Boundary Waters Permit Reservations Available March 4, 2019
DULUTH, Minn. (February 21, 2019) Beginning Monday, March 4, 2019 at 9 am CST,
the USDA Forest Service will reopen the process to reserve Boundary Waters Canoe
Area Wilderness quota permits on Recreation.gov.

“Between now and March 4 we will continue website testing and conducting training with cooperators to ensure the website meets Forest Service and public needs,” said Superior National Forest Supervisor Connie Cummins.

As a result of unforeseen technical issues, many people were unable to access the BWCAW reservation process when it opened on Wednesday, January 30. With only a small number of people being able to reserve a permit, the Forest Service halted the process for applying for BWCAW permits, then directed Recreation.gov to cancel and refund any reservations that were processed.

The technical issues with the BWCAW permit sale software have been addressed and additional testing has been completed by reservation system programmers. The USDA Forest Service is confident that the reservation system will function correctly and that visitors will have equitable access to make permit reservations beginning March 4, 2019. Quota permits for the BWCAW may be reserved through the season to September 30.


The BWCAW, located on the Superior National Forest in Minnesota, is one of over 3,500 facilities across the country which utilize Recreation.gov to manage their reservation processes. Full details on the reservation process are located at https://www.recreation.gov/permits/233396.

 

-Dan

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Latest Permit News

2/12/19 – The most recent update we’ve gotten from the Forest Service is that they tentatively plan to have permits available on February 27th at 9am, which coincidentally happens to be Clare Shirley’s birthday. With any luck, and some birthday magic, we’re hoping everything happens according to plan. In either case, we’ll keep this updated if we hear of any changes.

Also of note, winter campers have been encountering large areas of slush in recent days. After inviting himself on one such outing, Huckleberry can attest that getting stuck in the slush is not much fun. By the time Dan caught up to the unsuspecting winter campers being tailed by one very slushy pup, he had a hard time telling Huckleberry apart from the spawn of the Sawbill Slush Monster. Luckily they were both able to make it back and thaw out successfully. -Jessica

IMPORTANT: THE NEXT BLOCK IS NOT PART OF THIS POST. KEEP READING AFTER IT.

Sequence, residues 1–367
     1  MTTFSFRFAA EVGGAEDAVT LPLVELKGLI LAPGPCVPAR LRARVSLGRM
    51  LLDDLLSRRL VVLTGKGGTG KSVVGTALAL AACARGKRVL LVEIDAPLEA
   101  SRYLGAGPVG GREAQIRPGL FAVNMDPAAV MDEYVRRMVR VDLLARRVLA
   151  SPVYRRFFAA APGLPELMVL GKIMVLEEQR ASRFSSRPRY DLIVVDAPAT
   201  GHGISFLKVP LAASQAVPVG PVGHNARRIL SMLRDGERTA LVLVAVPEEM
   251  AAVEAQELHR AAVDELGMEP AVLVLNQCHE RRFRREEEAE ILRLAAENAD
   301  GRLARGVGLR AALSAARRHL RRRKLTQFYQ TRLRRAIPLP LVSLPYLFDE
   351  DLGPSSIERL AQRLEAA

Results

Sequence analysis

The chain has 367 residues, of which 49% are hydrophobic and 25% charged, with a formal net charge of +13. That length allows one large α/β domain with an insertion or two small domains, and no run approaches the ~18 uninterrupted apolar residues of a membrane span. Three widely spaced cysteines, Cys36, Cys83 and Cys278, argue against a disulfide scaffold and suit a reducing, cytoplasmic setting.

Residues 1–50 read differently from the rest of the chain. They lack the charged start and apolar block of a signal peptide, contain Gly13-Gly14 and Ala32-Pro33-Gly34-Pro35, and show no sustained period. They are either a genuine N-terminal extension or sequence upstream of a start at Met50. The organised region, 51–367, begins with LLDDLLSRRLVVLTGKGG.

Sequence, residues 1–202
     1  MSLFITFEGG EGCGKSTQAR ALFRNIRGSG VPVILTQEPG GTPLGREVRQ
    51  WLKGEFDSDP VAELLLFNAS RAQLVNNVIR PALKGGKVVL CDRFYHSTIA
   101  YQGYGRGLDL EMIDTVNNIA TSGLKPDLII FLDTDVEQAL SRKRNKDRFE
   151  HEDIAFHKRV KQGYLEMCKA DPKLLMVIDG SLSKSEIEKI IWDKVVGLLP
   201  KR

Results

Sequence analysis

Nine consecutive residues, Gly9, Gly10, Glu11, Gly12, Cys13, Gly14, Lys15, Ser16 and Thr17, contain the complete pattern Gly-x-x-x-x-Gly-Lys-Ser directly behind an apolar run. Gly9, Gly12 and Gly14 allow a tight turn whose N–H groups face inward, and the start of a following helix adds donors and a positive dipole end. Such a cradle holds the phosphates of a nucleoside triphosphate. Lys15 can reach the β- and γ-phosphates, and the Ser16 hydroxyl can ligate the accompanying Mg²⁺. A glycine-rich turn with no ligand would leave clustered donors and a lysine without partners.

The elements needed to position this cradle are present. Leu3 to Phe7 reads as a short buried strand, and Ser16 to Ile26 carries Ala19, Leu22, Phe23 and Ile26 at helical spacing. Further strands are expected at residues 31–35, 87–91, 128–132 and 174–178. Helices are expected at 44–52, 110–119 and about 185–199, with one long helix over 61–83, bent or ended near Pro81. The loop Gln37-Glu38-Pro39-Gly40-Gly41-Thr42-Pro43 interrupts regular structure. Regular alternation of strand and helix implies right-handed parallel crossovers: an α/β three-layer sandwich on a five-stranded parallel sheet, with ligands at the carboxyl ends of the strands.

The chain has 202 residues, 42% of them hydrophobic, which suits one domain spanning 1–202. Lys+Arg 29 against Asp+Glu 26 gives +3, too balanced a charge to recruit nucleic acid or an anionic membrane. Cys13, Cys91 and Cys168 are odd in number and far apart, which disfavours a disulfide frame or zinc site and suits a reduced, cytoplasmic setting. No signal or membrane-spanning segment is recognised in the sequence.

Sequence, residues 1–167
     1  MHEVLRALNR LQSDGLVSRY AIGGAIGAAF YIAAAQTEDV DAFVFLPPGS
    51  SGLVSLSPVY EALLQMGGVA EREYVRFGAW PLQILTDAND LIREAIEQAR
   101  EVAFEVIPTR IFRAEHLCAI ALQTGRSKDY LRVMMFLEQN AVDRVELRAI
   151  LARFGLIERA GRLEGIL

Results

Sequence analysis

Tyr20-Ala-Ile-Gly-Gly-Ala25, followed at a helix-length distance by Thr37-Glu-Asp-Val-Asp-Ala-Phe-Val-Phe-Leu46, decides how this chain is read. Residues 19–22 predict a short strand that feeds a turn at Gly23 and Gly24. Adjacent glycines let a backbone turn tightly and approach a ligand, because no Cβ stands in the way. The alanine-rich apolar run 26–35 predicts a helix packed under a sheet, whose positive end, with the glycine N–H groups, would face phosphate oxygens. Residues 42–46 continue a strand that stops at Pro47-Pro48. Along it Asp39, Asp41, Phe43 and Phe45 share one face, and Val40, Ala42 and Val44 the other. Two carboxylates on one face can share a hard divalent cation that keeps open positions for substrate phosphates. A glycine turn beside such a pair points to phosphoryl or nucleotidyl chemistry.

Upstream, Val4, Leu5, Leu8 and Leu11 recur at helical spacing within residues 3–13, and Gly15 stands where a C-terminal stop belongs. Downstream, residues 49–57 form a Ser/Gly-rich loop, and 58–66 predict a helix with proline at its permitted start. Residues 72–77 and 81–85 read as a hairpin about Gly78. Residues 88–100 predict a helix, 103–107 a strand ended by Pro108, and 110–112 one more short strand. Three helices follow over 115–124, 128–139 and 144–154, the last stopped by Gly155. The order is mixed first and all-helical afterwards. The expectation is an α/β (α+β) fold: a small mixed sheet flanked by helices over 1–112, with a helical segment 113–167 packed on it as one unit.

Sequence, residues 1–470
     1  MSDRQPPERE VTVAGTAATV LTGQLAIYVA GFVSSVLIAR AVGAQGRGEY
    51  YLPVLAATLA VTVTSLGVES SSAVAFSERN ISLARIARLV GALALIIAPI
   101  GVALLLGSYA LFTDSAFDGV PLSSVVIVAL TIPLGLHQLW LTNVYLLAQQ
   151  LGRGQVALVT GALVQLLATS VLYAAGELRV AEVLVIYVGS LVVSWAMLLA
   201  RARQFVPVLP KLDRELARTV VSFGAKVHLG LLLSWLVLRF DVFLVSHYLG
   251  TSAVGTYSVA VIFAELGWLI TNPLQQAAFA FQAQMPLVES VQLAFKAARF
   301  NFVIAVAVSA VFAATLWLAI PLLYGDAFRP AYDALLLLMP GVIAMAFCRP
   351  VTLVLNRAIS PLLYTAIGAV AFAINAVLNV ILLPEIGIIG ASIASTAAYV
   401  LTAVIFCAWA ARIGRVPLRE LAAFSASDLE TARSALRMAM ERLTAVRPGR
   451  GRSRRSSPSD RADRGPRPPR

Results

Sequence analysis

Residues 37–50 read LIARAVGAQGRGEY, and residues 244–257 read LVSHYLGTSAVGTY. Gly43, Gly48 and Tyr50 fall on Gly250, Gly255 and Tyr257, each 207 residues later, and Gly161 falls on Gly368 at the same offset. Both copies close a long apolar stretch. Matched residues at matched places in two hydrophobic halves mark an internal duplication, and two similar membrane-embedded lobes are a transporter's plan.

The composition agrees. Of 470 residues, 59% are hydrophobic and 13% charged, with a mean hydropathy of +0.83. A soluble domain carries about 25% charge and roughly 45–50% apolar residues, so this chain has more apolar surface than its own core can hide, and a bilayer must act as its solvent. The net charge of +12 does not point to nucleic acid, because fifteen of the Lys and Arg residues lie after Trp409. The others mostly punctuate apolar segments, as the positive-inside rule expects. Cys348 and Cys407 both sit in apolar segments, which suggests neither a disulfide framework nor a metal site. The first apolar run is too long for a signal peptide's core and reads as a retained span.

Huck pondering the error in his ways.

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Weather!

2/3/19 – Over the years, many of you have enjoyed following along with our weather records on this site. In the busy life with two small kids and learning the ropes of the business, I’ve been lax in posting the weather. I’m sorry! Rest assured, I’ve been faithfully tracking and recording all the information – just like Bill, and Frank before him. The notebook of records has been sitting in the windowsill taunting me for too long. So, I’m rededicating myself to keeping the records on this site up to date. I’ve backposted all the records and will be updating them daily from here on. Thank you for your patience!

In other news, we continue to enjoy a cold and snowy winter up here at the end of the Sawbill Trail. The frequent low temps and snows have created a beautiful landscape. The cold temps have kept our adventures short and close to home, but when the Wilderness is your backyard, that’s ok!

Dan and baby Sig enjoy a brisk walk.
Kit explores the woods on the south shore of Sawbill Lake.
Sledding mukluks on the Sawbill Trail.
Frosty trees along the shoreline of Sawbill Lake.

Cheers to the real winter!

-Clare

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PERMIT UPDATE

1/30/19 – PERMIT UPDATE: We have just (10:20 am) been informed by the Forest Service that due to the extent of the technical difficulties and inconsistencies in functionality of the reservation platform, all successful permit reservations are going to be voided and the system is being closed until the issues are worked out. They will offer notification when the system will go live again. If you have already reserved a permit, we recommend holding tight to see what happens, but be prepared to re-apply for your permit. We’ll update as we learn more. In the mean time, enjoy the crisp weather!